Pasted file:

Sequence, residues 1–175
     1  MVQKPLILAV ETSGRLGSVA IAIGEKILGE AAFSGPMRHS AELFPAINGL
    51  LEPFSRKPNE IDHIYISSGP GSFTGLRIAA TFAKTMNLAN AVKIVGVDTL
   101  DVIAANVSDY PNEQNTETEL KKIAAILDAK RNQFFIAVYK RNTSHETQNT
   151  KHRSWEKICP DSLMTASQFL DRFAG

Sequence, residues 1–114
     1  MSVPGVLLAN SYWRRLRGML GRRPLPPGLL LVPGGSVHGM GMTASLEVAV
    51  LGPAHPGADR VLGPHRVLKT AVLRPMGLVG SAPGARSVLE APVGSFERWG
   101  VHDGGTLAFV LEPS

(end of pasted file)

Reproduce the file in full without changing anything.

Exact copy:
Sequence, residues 1–175
     1  MVQKPLILAV ETSGRLGSVA IAIGEKILGE AAFSGPMRHS AELFPAINGL
    51  LEPFSRKPNE IDHIYISSGP GSFTGLRIAA TFAKTMNLAN AVKIVGVDTL
   101  DVIAANVSDY PNEQNTETEL KKIAAILDAK RNQFFIAVYK RNTSHETQNT
   151  KHRSWEKICP DSLMTASQFL DRFAG

Sequence, residues 1–114
     1  MSVPGVLLAN SYWRRLRGML GRRPLPPGLL LVPGGSVHGM GMTASLEVAV
    51  LGPAHPGADR VLGPHRVLKT AVLRPMGLVG SAPGARSVLE APVGSFERWG
   101  VHDGGTLAFV LEPS